1. You think in terms of years, not months.
Someone doesn’t go from obscurity to mega star over night. Bar viral sensations (that always fizzle out if the spark isn’t kept alight), building up a reputation takes years.
Gary Vaynerchuk has said before that if you’re not willing to put in two to three years into what you’re trying to do, your idea won’t have the time to gain traction.
We as a whole are also becoming more and more distrusting. The cacophony of ads is getting louder and louder. We’re having to tune out nearly all the time, making it harder for anyone to be heard.
This is a blessing in disguise. You see…
We are listening for the quiet people whose statements make the noise.
A well-thought out message that cuts through the clutter is truly rare and hard to find. You need to spend the time to make it heard. And when it is, people will talk about it.
2. You ARE in it for the money.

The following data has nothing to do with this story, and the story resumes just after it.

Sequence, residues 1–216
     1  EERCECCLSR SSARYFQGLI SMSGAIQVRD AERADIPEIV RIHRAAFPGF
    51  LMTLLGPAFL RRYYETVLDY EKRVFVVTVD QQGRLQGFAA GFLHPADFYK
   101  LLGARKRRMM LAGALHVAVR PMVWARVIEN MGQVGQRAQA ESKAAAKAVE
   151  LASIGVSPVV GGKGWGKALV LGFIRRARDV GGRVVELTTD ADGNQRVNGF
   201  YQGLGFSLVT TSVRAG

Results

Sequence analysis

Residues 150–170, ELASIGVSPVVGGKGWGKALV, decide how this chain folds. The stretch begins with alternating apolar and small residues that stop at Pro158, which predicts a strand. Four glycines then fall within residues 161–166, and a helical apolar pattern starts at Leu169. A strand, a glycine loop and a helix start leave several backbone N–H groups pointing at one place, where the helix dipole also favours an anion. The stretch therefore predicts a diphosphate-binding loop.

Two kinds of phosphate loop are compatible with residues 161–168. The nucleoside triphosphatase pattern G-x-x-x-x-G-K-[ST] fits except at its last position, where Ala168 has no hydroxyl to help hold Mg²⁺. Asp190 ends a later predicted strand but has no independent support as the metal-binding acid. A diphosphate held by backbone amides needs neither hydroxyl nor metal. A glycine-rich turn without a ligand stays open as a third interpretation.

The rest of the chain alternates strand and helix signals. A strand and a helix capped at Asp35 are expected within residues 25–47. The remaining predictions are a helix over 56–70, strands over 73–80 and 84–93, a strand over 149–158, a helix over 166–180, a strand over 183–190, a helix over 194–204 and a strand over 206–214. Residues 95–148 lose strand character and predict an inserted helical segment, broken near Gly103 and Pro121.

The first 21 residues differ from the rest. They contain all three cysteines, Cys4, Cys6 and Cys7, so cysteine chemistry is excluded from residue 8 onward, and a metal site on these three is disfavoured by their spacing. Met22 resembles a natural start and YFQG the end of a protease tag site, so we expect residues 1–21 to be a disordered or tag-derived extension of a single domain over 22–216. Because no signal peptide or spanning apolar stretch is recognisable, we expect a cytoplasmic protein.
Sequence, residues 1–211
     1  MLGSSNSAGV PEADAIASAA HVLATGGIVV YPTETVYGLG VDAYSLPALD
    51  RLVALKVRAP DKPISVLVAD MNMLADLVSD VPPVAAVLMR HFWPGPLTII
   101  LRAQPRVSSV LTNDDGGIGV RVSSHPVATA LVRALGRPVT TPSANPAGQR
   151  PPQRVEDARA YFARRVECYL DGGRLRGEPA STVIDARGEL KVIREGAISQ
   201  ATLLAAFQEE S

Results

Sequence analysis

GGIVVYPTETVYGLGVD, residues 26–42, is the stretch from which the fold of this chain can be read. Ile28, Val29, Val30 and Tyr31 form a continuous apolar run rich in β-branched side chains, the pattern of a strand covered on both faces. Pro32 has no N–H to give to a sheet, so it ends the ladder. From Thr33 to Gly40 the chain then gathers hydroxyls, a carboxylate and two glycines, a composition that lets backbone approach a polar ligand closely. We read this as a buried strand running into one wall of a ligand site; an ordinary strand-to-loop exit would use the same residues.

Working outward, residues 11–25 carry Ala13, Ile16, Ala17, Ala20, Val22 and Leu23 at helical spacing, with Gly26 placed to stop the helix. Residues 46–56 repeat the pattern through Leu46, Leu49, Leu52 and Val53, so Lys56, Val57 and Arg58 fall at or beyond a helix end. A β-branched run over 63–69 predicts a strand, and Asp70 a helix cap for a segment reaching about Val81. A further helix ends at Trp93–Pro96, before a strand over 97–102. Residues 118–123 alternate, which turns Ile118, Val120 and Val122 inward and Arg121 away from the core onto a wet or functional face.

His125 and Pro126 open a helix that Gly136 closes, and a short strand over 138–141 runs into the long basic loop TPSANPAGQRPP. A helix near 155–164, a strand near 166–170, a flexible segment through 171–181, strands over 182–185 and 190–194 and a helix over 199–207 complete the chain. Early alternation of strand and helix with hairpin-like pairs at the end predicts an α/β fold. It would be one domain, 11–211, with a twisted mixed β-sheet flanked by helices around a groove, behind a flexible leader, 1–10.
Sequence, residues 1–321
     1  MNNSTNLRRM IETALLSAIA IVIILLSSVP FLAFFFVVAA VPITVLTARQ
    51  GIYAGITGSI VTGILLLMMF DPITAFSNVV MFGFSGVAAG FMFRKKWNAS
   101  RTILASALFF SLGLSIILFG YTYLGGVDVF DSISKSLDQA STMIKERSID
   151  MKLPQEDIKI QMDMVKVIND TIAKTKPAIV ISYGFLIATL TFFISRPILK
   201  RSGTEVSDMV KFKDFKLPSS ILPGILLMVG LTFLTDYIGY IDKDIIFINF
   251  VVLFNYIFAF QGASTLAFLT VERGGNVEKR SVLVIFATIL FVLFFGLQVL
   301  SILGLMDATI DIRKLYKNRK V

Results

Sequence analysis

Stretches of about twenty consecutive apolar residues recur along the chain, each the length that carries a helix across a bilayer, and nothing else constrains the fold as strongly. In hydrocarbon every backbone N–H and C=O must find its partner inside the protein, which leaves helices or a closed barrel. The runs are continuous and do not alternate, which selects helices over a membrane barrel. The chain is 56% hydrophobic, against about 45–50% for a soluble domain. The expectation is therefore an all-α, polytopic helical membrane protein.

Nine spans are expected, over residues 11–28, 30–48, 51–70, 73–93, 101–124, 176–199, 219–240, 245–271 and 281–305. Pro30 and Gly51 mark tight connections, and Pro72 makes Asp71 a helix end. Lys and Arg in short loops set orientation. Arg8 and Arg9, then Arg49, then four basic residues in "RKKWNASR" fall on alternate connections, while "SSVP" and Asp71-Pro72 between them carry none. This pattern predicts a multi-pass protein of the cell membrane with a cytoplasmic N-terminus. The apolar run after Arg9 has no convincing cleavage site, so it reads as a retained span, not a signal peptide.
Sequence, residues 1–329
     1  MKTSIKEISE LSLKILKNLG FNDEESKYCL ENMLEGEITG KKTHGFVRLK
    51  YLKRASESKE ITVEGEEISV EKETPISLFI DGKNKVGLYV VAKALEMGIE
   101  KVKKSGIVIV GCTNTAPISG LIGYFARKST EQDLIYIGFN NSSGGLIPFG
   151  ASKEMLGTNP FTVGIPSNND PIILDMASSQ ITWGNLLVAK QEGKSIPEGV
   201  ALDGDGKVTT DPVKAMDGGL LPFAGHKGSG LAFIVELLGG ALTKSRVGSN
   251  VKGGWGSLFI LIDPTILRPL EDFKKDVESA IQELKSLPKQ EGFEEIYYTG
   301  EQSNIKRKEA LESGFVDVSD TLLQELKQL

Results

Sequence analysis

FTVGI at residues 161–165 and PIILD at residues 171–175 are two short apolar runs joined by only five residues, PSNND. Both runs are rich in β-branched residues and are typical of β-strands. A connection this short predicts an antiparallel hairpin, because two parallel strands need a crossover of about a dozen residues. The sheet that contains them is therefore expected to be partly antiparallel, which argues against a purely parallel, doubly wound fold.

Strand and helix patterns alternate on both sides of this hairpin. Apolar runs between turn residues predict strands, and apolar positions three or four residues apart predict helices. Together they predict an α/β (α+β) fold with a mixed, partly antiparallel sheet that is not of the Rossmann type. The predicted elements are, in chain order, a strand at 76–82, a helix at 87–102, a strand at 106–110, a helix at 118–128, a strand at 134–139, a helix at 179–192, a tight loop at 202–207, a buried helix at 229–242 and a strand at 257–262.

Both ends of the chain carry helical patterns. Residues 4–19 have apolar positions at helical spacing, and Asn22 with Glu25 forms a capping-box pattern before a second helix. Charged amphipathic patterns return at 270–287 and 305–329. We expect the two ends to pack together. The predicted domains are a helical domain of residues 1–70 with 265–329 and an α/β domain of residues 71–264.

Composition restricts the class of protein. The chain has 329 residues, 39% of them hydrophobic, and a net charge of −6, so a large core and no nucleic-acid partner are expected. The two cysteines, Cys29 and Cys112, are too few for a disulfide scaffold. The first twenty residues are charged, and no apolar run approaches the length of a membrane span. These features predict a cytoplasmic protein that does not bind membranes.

Yep, you read that right. You’re all about the dollar signs. You’re probably expecting me to say “not”, but there’s a valid reason why I think money matters if you’re trying to make it big.
No matter which way you look at it, money makes the world go round. We might hope for a utopia, but the game is played by certain rules. While certain rules can be broken, the money rule cannot.
Now, this doesn’t mean that I think we should all go in with the intent to charge for everything we do. Philanthropy still has an important role to play. But even with that, you need money to make an impact.
To make it big, you need to impact millions of people. To do this, you have to create something that adds value to their life. To value it, they have to pay for it with money.
The size of the problem you solve determines how much money you can make. It also determines the level of impact you can have on people. So don’t shy away from making money. You will be able to help more people that way.
3. You genuinely care about the people you wish to affect.
This sign is a given. Even if you are impacting people millions at a time, you see each person as an individual. You have a crystal clear idea of who the ideal customer, the typical follower or average fan is, you can name their fears and hopes and you know what they’re expecting out of you.